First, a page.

F. Scott Fitzgerald’s The Great Gatsby - The Dynamic Gatsby

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The Dynamic Gatsby

The Great Gatsby is a book filled with dynamic characters, written by a dynamic person. Throughout the book, the themes and situations are on many symbolic levels. The Great Gatsby is such a novel, that the hero is portrayed to the reader by a man who, with seemingly no effort, will not judge a man easily. He perceives him, takes him in, and analyzes him. This man’s name is not, in fact, Gatsby, but Nick Carraway, the narrator of the story. The man who is being perceived, of course, is Jay Gatsby, our hero.

Our story, The Great Gatsby, starts out when Nick, a stock trader, moves to West Egg. West Egg is a part of Long Island where the "new" rich people live. "New" rich is a term used to describe people who have recently acquired their wealth, and have no connections in East Egg, where the people who have established their wealth live. Gatsby befriends Nick for a good reason, to meet his long lost love, Daisy, Nick’s cousin and resident of East Egg. Unfortunately for Gatsby, Daisy is married to Tom, a boisterous man who has taken in a mistress and everyone in the novel knows about it.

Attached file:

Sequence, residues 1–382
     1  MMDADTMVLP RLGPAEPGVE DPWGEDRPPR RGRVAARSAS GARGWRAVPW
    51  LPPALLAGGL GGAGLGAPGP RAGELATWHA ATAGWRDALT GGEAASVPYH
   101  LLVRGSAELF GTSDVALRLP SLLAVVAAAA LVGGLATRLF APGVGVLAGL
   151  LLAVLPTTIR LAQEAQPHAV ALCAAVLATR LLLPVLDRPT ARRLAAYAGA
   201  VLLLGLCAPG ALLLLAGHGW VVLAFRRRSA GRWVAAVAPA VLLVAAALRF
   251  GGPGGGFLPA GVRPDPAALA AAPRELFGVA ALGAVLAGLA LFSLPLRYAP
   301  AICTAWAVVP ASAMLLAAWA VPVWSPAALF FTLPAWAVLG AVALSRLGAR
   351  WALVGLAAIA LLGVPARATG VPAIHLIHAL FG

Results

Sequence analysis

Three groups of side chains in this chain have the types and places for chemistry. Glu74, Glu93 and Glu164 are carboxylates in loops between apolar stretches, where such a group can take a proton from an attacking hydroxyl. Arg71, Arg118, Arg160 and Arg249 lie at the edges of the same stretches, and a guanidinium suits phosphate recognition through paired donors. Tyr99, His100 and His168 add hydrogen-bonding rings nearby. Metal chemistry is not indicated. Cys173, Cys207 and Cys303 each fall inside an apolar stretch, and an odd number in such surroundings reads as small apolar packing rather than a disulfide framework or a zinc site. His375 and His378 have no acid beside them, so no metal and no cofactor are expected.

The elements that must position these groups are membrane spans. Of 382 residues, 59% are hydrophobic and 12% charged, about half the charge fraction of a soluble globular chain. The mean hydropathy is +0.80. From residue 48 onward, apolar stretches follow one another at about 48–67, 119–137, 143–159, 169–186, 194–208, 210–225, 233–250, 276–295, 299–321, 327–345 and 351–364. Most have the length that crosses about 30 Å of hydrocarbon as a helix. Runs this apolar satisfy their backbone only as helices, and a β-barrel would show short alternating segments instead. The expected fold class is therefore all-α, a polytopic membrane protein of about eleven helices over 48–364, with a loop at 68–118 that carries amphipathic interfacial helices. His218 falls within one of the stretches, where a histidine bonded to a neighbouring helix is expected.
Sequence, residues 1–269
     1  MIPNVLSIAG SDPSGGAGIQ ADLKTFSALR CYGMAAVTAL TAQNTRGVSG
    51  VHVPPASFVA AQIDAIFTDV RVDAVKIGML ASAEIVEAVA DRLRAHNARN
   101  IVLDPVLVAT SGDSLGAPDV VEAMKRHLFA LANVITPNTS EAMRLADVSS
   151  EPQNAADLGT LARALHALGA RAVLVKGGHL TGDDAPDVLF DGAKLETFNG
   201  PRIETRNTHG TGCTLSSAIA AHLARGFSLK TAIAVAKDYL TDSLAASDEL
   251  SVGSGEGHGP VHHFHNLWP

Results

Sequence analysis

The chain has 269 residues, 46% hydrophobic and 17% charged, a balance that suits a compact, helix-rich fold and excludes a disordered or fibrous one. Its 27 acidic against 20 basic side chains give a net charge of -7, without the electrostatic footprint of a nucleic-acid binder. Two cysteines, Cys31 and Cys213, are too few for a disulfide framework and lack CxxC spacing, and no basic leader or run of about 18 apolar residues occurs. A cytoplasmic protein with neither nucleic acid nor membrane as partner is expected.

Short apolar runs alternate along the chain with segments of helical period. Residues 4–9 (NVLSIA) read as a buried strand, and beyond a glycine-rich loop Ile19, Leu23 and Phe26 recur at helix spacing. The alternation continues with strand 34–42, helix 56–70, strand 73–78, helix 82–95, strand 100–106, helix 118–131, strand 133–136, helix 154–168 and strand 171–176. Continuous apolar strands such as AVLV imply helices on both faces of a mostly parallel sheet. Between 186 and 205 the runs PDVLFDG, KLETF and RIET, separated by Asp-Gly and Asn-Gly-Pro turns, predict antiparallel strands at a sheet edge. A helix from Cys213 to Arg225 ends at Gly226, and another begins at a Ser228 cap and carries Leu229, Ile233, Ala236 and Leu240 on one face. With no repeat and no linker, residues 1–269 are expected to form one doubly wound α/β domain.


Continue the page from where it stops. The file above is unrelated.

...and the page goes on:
Throughout the novel, Nick acts as Gatsby’s confidant. A confidant is a person present when a hero needs someone to listen to his plight. We get to know Gatsby, even though he is bad because of the illegal liquor bootlegging operation he runs. We get to know Gatsby because we like the confidant. If Nick, the confidant, is Gatsby’s friend, then Gatsby will be our friend as well. This is true of all relationships that deal with Nick. For the most part, we will feel the same way towards a character as Nick does.

The novel ends in explosion and uproar. Nick, knowing Gatsby’s passion for Daisy, gets the two together for tea. They rekindle their lost love for each other, and, for a long time, they concealed their love for each other from Tom, Daisy’s husband.

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